National War Tax Resistance Coordinating Committee

Frequently Asked Questions

Or, frequently encountered objections

See also: About those frivolous warning letters from the IRS

[The information below is also available as a PDF Click Here]

Taxes are good; we shouldn’t refuse to pay them — I support some of the things taxes pay for, like education and human services.
While some taxes may be neutral, those that contribute to killing are not, and that’s half of the discretionary federal budget! Nevertheless, most war tax resisters don’t simply refuse taxes, thus putting the burden of society’s expenses on the shoulders of others. Rather than keep resisted taxes, they redirect that money to programs most in need of attention. Also, many war tax resisters do pay taxes they feel are not related to military spending.
It’s wrong to break the law, and that includes the tax law.
The ability to openly withdraw consent is essential in a free society if we are to resist oppression and tyranny. Nonviolently breaking laws has had a long and honorable tradition in the U.S. If Thoreau hadn’t refused to pay his taxes as a protest to slavery and the Mexican-American War, he would never have written his essay on Civil Disobedience. If protesters concerned with women’s suffrage, labor, civil rights, Vietnam War, and gay rights, among other movements hadn’t committed civil disobedience, those movements might well have had very different results.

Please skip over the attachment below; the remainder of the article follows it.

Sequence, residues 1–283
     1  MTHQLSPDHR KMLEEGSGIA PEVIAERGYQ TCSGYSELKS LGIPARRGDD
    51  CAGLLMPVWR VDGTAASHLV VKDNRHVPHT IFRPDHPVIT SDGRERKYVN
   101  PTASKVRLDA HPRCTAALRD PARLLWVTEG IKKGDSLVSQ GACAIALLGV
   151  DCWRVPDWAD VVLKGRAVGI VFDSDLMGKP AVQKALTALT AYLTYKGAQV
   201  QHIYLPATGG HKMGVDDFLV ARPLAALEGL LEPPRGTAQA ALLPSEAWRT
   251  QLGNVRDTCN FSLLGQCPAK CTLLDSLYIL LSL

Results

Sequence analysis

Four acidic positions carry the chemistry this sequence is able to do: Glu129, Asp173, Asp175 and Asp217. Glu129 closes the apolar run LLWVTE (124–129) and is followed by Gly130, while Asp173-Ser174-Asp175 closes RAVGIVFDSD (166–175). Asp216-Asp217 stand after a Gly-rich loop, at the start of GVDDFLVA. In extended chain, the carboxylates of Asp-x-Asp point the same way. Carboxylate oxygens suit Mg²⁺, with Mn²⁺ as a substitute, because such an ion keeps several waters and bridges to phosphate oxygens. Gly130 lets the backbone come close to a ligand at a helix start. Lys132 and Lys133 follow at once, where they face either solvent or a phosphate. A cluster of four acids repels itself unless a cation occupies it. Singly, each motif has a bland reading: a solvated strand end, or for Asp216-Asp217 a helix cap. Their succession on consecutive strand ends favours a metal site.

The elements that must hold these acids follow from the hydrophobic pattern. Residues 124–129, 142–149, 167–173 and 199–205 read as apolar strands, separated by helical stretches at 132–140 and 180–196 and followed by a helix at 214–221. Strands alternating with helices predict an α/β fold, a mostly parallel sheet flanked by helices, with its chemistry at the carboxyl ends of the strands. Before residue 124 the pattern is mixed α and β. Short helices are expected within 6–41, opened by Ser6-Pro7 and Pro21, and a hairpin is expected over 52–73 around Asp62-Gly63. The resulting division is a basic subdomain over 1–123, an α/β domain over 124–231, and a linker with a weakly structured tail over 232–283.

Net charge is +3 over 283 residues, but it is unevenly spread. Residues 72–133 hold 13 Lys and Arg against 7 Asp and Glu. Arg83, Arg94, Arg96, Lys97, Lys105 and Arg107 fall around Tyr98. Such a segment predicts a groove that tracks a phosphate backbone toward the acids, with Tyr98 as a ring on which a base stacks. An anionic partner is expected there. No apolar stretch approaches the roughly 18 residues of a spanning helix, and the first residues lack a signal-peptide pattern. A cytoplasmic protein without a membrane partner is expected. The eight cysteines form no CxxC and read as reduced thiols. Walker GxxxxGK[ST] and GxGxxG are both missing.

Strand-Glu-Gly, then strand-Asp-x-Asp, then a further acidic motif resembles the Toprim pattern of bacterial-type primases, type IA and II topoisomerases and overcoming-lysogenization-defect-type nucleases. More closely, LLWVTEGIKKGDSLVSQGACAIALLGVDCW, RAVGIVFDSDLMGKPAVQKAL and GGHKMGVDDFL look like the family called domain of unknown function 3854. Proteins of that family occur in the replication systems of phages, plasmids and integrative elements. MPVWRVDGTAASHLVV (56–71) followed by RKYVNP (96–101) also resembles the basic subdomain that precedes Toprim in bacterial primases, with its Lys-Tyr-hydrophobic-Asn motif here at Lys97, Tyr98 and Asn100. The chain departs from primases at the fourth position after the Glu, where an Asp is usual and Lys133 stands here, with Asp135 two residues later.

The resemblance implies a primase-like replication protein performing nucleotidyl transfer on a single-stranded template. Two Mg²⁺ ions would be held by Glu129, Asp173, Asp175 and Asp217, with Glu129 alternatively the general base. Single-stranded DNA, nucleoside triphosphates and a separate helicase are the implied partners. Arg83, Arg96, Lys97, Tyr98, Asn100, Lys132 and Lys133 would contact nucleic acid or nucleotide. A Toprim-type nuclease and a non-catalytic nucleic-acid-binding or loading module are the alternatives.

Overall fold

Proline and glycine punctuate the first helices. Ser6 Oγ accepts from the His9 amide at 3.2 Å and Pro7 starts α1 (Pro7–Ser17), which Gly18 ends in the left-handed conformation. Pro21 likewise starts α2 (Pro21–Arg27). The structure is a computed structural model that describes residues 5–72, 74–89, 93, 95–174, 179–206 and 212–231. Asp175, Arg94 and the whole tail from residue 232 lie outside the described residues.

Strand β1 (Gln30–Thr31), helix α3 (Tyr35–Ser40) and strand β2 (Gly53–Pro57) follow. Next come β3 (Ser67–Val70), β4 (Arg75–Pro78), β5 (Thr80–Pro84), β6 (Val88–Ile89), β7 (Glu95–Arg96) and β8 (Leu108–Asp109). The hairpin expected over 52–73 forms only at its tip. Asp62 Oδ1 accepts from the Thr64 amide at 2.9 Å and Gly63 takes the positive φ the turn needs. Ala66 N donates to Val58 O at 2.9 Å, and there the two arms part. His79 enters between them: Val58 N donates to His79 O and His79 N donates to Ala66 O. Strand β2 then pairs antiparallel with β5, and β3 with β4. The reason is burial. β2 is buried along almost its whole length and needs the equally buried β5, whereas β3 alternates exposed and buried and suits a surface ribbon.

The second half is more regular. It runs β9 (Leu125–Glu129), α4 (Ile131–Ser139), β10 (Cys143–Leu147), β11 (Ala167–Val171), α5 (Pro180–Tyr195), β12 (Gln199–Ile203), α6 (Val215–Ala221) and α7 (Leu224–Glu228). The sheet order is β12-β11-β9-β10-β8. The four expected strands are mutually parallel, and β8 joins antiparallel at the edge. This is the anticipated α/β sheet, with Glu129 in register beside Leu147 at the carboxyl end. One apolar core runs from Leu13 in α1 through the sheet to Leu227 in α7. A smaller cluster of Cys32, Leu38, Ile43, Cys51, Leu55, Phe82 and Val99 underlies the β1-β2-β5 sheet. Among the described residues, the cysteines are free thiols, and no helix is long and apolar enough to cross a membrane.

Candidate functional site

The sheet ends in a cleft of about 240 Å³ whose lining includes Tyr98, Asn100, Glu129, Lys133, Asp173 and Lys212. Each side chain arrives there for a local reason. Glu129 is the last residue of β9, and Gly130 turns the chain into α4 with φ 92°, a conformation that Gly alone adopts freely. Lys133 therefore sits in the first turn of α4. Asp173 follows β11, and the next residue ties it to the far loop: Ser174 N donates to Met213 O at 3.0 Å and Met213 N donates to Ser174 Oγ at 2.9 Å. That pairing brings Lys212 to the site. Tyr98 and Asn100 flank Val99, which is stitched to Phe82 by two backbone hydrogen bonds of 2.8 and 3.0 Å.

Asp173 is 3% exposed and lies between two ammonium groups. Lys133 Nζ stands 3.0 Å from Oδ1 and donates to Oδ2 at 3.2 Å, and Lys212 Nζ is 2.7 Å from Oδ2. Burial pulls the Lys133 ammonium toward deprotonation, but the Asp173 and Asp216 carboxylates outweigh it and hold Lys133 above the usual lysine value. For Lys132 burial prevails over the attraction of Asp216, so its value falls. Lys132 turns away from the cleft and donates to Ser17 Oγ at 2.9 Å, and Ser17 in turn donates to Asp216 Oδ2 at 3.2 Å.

If everyone were to pick and choose what taxes to pay, that would be unfair.
If people are willing to nonviolently resist taxes for whatever cause and deal with the consequences, that’s their decision. War tax resisters are not shirking their civic duty by refusing to pay the IRS Most redirect their taxes into programs hurt by the military spending and misplaced priorities of the U.S. government.
I would rather work within the system so we can have some influence. War tax resistance is alienating and marginal and will cut me off from the circles of influence that affect real change.